# rpm -Uvh BestCrypt-0.3b-1.src.rpm BestCrypt ################################################## # cd /usr/src/redhat/SPECS # rpm -ba bcrypt.spec
followed by a lot of text while it unpacks, compiles and assembles the source RPM and binary RPM. You should then have a:
Simply install the binary RPM with a:
# rpm -Uvh /usr/src/redhat/RPMS/i386/BestCrypt-0.3b-1.i386.rpm BestCrypt ##################################################
If you do not have an RPM based system, or the source RPM doesn't work for you, compiling the source code directly from it's tarball should be possible. Simply download the file, unpack it to an appropriate place (such as /usr/local/src) and issue the commands:
# make # make install
And you should be up and running. The first step is to create a container (a file that is encrypted and mounted as a partition):
# bctool new -a blowfish -s 10M file Enter password: Verify password:
You can of course use the "gost" or "des" algorithms, I would not recommend them as gost is less tested then the "twofish" and "blowfish" algorithms that BestCrypt supports, and single des is to easy to brute force. The next step is to format the container, you'll probably want to use MS-DOS if sharing with Windows (i.e. a dual boot Linux and Windows machine), or if just Linux then ext2 is a good bet. You can also specify the size, if you make it so small this can be a problem, but because it is a file and not a true partition you can easily create a new, larger file, move all the data to it and use it instead of the older smaller one.
# bctool format -t ext2 file Enter password: mke2fs 1.15, 18-Jul-1999 for EXT2 FS 0.5b, 95/08/09 Filesystem label= OS type: Linux Block size=1024 (log=0) Fragment size=1024 (log=0) 2560 inodes, 10238 blocks 511 blocks (4.99%) reserved for the super user First data block=1 2 block groups 8192 blocks per group, 8192 fragments per group 1280 inodes per group Superblock backups stored on blocks: 8193 Writing inode tables: done Writing superblocks and filesystem accounting information: done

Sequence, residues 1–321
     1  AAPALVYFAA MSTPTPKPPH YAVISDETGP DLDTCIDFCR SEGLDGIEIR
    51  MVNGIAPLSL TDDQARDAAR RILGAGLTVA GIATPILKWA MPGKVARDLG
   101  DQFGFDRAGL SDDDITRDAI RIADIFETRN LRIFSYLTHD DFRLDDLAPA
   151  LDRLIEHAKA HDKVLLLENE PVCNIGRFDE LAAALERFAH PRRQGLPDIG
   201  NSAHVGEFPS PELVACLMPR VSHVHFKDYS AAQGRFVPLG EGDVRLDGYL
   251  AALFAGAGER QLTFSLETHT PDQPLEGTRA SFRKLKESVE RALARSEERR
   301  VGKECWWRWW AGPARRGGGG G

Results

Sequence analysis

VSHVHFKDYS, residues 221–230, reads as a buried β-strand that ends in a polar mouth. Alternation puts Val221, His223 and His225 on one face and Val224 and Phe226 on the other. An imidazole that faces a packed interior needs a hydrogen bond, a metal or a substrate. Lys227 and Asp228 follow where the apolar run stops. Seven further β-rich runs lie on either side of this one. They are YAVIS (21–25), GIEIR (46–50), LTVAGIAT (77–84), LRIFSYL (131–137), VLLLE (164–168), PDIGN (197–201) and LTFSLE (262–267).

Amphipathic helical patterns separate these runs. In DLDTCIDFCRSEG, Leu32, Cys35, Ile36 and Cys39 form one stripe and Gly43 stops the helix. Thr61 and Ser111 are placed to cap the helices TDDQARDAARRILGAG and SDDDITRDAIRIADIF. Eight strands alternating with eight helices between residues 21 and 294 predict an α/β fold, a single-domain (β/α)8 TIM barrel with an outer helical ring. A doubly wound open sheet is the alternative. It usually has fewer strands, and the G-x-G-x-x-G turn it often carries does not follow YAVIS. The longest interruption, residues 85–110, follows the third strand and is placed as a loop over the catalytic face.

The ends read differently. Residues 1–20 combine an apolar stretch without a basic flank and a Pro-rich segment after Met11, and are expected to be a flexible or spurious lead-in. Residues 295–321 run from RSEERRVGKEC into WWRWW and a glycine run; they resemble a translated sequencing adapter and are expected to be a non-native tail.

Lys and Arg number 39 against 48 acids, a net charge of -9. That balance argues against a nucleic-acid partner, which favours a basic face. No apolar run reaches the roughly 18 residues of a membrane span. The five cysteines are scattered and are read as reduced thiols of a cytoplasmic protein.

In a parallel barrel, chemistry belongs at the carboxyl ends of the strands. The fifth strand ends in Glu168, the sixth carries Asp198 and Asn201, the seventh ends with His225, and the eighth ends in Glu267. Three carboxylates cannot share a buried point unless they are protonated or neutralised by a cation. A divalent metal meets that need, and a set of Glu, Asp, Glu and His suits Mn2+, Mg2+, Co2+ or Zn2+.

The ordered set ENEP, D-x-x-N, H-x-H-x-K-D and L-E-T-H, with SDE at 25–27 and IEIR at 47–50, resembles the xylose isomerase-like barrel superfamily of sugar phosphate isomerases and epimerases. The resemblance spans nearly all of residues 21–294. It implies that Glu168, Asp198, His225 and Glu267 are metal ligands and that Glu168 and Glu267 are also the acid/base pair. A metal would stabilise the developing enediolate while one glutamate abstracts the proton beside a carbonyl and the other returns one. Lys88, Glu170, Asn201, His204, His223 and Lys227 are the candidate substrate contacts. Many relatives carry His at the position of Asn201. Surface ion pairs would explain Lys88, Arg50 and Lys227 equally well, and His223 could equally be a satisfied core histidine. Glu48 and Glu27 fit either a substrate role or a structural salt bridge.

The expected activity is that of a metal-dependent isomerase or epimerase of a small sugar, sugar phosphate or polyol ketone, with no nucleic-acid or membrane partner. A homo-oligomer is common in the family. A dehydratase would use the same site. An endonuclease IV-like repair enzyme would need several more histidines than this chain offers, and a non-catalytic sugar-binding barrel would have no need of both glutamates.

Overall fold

Once the file is formatted you should be able to mount it:
# bctool mount file /root/crypt/ Enter password: # df Filesystem 1k-blocks Used Available Use% Mounted on /dev/hda1 3122956 70596 2893720 2% / /dev/hda2 2917360 24224 2744940 1% /crypto /root/file 9909 13 9385 0% /root/crypt
As you can see it is mounted as a part of the filesystem, just like a floppy disk would be for example. Remember to control access to the directory hosting the encrypted files carefully, no matter how good the encryption, if you have it set world readable you won't have gained any security. Also remember that as a user, root owns the / and can take ownership of any file or directory and see what's in it. Alternatively if an attacker gains root access they can log your keystrokes (or terminal traffic) and gain your password (and access to your files). As always your security is only as good as the weakest link.